However, when a pool’s or spa’s appearance and/or condition begins to fade, guests and visitors may focus their attention elsewhere.

IT IS ESSENTIAL TO MAINTAIN THE POOLS AND SPA AREAS.

 

How to maintain the appearance and durability of a pool or spa

1. Repair or replace the grout around tiles in pool skirt or spa deck area.

2. Clean all necessary ceramic tile.

3. Repair loose or cracked masonry around the pool skirt area.

4. Prime and paint with recommended Epoxy or Acrylic finish with a high abrasion resistance.

5. Repair loose or cracked surface of pool basin with appropriate waterproof patching compound.

6. Prime and finish with recommended Epoxy pool coating. (Of course, the pool must be emptied and thoroughly dry.)

7. A surface and/or finish can fail – eg. paint peeling, sheen loss, finish wear, questionable adherence.

The entire pool bed may need to be abrasive blasted to remove all paint and create an anchor to which the new finish can adhere.

8. Apply the Epoxy finish in a two-step process, using a brush and roller, or airless spray, method.

A. Apply first coat using a mixture adding 1 quart solvent to 5 gallons of paint, or 1 pint to a gallon. Allow to cure for 12-24 hours.

B. Apply final coat of finish using standard 50/50 epoxy mix catalyst and base.

9. ALWAYS use a proper breathing apparatus, while applying various coats of finish. Epoxy fumes can be extremely hazardous to your health. Take the necessary precautions.

10. Once the base color has cured for 24 hours, the associated stripes can be measured, laid out and painted. The stripes are painted normally with Epoxy, done in “black” and applied using a brush and roller system.

Painting a spa involves much of the same preparation and finishing methods as does a pool.

Some other variables that must be considered when refinishing a spa.

1. When repairing the surface, remove all loose areas and cracks.

2. Use appropriate patching compound to fill in and feather edges to the surrounding surface.

3. When applying Epoxy type paint, add an aggregate (silica sand) to the mix to promote traction and slip resistance.

4. If the spa is to be painted with an acrylic polyurethane, thin the first coat to allow for greater penetration and bonding of final coat.

5. If the spa incorporates ceramic tile, make sure they are clean and polished, have no exposed sharpedges, are not loose, and are grouted tightly. Replace broken tiles.

A swimming pool or a spa can bring many hours of fun and relaxation. It is especially appreciated when a pool or spa’s appearance and condition are well maintained. And, the pool or spa is safe to swim in.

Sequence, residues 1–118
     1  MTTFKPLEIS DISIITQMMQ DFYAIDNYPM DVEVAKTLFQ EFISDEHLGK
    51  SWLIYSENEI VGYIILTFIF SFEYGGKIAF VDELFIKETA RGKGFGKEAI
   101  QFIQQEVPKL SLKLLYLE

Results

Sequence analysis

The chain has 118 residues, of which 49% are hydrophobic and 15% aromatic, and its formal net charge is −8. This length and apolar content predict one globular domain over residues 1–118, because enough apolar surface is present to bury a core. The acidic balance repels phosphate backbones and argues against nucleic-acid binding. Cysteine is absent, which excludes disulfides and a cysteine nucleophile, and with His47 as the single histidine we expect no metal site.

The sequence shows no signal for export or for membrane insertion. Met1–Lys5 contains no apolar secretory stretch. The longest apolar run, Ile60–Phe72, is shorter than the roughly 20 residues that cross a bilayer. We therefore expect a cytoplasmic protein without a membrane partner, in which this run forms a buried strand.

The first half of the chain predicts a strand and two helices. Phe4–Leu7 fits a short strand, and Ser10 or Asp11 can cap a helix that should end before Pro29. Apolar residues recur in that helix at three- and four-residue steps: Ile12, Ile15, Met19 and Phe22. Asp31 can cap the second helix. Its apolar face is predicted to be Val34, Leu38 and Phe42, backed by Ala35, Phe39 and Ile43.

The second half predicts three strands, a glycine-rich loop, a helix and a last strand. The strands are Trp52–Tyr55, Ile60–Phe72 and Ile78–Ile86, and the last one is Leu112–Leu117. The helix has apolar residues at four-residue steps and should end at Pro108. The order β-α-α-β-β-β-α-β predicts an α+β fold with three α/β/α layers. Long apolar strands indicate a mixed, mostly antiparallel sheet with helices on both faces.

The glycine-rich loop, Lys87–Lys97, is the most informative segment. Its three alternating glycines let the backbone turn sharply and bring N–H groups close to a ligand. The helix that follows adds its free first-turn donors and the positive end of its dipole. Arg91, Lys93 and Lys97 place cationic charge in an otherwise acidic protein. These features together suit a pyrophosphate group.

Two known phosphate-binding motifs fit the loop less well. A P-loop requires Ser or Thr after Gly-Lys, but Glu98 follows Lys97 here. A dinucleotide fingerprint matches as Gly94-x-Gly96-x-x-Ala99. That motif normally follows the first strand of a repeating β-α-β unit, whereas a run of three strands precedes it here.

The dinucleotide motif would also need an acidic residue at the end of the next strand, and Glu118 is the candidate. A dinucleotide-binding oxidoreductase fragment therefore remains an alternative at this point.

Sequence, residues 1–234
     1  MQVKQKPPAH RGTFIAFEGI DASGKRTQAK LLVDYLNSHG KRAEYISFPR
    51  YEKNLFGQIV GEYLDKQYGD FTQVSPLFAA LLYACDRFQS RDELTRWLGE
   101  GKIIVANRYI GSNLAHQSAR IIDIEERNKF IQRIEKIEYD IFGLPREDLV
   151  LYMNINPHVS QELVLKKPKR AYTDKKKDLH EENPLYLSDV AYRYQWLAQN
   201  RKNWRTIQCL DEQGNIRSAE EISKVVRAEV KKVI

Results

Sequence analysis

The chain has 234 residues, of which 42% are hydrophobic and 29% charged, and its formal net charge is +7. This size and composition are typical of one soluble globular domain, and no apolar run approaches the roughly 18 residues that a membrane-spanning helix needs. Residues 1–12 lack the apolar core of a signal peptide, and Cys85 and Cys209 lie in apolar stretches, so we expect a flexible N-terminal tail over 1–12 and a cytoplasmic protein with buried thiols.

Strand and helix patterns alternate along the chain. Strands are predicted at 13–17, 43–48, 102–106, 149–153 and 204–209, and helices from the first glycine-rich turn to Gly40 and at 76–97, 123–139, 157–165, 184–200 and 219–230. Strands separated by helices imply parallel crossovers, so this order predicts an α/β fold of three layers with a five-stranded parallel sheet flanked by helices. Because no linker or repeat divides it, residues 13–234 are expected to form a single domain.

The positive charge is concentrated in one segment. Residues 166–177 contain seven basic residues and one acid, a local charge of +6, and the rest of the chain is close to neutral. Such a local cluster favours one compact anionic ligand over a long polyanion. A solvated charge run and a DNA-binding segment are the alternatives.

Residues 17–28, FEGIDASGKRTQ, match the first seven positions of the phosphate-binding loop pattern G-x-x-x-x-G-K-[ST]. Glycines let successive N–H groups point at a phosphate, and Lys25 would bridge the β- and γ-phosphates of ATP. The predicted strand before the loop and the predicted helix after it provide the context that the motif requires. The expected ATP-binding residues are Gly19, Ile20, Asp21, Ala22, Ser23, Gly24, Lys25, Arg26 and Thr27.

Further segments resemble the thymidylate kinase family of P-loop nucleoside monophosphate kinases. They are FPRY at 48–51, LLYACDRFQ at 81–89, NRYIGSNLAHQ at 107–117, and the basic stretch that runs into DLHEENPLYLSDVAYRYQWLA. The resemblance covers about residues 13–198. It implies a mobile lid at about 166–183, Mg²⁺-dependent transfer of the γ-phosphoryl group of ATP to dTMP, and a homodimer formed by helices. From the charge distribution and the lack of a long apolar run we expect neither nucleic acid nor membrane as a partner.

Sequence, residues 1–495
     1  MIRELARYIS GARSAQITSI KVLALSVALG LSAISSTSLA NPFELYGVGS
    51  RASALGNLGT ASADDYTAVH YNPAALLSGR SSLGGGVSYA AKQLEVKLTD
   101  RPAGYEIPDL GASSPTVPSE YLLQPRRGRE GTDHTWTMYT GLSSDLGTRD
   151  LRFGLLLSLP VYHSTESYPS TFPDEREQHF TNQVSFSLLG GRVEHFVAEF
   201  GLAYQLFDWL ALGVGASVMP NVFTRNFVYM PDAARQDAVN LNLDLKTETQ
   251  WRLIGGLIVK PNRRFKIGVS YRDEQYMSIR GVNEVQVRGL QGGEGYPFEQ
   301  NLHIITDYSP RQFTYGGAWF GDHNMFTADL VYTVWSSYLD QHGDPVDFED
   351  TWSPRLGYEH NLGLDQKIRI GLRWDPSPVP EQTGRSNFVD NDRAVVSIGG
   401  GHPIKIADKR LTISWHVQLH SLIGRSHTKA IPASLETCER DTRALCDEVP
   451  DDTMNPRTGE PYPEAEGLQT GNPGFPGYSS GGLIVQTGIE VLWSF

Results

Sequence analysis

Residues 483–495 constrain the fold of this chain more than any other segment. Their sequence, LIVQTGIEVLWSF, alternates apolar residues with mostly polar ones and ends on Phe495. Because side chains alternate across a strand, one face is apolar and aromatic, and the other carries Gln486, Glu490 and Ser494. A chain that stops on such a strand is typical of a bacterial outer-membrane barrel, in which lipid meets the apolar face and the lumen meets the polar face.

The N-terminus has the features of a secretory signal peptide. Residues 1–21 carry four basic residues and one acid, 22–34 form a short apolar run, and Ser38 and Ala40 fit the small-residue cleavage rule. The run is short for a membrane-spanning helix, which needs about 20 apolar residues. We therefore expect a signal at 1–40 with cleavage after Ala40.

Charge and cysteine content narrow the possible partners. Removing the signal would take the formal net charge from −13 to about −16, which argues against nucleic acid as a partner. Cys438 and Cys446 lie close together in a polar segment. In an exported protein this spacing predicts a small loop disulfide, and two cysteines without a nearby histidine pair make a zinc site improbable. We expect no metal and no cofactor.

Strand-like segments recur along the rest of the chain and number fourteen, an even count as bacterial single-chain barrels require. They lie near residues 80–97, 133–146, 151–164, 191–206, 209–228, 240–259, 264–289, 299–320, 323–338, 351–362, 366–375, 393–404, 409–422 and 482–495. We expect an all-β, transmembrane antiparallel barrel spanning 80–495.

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Have a splashing week!  Thank you for visiting “Painting with Bob.”

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Copyright 2015. Robert D. Hajtovik. All rights reserved.

Painting It: A Multi-Family “Home for the Homeless.”

A church congregation purchased a 210-room, two-story hotel that was headed into foreclosure. Most of the property was in reasonably good condition.

 

Mission: Provide safe, clean “transitional-to-permanent” rooms for local homeless persons. The small restaurant on the property would be converted into main kitchen, and central dining area. The food court would be removed.

 

Immediate goal: Clean, repair and renovate the property to meet local codes, and to pass regular health and safety inspections.

 

Volunteers manned the entire project. Five groups of construction people worked on repairing and renovating the property to qualify for multi-family, private, non-profit housing.

 

Group 1. A retired architect volunteered his firm’s design/build capabilities. He did the renderings, and put the plan on paper. Two student interns handled the blueprinting, CAD, schematics, etc.

 

Group 2. An area construction project management company oversaw the project.

 

Group 3. Two church members served as co-general contractors. They handled the actual remodeling of the two buildings, including repairs and replacements, and the reconfiguration of the hotel rooms into efficiency apartments, minus kitchens.

 

Group 4. Local certified trades persons did much of the code-compliant work. They included: environmental remediation/mitigation specialists, carpenters and framers, drywallers, plumbers, electricians, heating/air conditioning specialists, insulation specialists, mechanical systems specialists, roofers, pool specialists, etc.